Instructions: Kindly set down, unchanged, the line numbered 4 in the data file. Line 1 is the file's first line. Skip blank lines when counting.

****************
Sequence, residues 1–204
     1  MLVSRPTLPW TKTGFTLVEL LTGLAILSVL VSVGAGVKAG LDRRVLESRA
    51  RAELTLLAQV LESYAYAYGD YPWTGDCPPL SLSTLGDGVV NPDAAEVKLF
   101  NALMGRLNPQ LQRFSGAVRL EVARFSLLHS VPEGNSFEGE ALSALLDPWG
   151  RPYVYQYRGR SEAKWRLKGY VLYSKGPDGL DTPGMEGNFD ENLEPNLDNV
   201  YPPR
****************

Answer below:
   101  NALMGRLNPQ LQRFSGAVRL EVARFSLLHS VPEGNSFEGE ALSALLDPWG